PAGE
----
From the other side of the world, we have Silicon Valleys top dogs housing themselves in hubs from Tokyo to Singapore. Facebook, Google, Uber, Airbnb, LinkedIn, Apple and more all have regional HQ’s in major cities in Asia. Many of them make hundreds of millions or even billions of dollars every year in the region . In the digital advertising space, this is especially felt by previously dominant or rising players in Asia. The arrival of the Valley’s tech giants (namely Facebook and Google) sucked up their business while unlocking new areas of value and commerce.
In many ways, the Chinese companies are late to the Southeast Asia party. Sure, Tencent has been peppering money into the ecosystem here and there, but China, arguably just a technological decade ahead of its southern neighbors (give or take a few years) has been focusing on its own domestic opportunities. As saturation points hit a plateau, they have to look for growth drivers horizontally inside of China or new markets abroad. Meanwhile, many American companies have been operating in Southeast Asia for a decade or more
Today, Southeast Asia is primed. Its young population and growing economies are desirable. It’s not as politically dubious as the Middle East, it’s not too underdeveloped like Africa, not overdeveloped like Europe, and not thousands of miles away like Latin America. It’s the natural extension for Chinese companies and houses a Chinese elite to boot.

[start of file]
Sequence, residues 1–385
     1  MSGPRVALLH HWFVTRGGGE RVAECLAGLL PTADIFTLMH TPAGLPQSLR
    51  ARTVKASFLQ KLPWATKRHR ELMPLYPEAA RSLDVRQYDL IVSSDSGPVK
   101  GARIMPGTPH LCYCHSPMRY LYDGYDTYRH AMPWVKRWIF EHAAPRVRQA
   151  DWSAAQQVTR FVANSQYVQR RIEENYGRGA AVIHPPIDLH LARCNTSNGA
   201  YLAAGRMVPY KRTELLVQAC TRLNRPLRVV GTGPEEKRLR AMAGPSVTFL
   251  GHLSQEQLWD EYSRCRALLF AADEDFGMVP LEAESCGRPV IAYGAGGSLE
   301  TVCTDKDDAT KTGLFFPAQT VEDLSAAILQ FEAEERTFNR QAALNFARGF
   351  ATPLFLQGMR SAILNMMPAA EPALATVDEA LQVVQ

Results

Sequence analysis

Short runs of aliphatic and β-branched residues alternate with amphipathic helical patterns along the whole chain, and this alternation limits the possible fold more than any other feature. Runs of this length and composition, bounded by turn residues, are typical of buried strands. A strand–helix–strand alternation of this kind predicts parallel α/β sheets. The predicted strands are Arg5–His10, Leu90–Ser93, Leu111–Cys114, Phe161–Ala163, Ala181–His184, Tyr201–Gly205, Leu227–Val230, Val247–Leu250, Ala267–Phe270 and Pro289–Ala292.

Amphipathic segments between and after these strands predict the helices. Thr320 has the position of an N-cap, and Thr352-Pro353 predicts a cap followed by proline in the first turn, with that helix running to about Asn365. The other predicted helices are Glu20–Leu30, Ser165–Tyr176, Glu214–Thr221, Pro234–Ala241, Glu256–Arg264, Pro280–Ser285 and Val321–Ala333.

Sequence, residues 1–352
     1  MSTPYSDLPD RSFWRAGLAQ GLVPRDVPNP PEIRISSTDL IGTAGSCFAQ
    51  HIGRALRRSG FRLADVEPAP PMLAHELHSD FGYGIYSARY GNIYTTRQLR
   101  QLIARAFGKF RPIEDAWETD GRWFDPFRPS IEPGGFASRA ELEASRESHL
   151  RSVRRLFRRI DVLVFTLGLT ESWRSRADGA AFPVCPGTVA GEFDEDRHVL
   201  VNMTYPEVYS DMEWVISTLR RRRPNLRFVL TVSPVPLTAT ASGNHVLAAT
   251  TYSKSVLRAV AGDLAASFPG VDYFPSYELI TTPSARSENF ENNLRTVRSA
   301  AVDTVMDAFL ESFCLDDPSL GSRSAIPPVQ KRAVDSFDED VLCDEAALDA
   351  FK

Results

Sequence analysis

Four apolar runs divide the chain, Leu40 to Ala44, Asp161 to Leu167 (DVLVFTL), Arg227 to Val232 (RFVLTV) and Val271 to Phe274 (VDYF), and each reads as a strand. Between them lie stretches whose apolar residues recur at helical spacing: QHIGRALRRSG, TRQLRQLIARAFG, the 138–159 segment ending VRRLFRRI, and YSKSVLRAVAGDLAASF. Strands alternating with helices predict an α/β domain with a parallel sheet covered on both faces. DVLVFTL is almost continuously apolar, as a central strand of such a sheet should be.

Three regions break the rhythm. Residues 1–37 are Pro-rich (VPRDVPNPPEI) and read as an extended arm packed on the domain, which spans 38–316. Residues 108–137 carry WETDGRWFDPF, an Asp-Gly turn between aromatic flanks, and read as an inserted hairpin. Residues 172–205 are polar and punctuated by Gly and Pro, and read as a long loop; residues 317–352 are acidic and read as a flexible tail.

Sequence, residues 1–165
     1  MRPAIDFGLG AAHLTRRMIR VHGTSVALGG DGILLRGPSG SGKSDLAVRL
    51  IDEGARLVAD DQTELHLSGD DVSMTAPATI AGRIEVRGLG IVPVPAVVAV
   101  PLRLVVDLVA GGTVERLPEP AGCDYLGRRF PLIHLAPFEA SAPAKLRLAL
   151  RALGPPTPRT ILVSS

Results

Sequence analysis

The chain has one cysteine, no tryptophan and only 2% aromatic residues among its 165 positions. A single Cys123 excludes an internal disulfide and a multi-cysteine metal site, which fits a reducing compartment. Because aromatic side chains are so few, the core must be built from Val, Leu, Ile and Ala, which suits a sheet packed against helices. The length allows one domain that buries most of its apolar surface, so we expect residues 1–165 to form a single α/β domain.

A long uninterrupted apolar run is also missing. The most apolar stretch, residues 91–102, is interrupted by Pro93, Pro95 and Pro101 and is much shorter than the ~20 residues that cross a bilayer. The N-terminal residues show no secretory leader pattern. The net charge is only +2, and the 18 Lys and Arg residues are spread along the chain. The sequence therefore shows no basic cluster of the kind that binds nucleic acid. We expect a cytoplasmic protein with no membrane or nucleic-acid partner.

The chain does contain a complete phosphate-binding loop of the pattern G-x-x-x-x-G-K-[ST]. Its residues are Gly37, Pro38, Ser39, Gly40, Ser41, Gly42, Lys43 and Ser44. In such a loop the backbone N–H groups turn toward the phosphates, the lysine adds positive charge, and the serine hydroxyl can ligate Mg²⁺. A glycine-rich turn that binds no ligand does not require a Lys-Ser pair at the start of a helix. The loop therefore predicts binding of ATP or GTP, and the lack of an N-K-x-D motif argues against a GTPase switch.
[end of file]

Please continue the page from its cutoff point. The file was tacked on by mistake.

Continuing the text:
It is hard for American companies to devote serious resources to a region that is still in its infancy and unproven, unlike the cash cows in the West. Is it any wonder that Grab has raised a massive $2.5 billion round as a one-two punch to knock Uber out of a region it could easily give up on, much like it did in China, where it was heavily outmatched? The other FANGAM companies could have been likewise outmatched if Southeast Asia had been prepared to counter them earlier.
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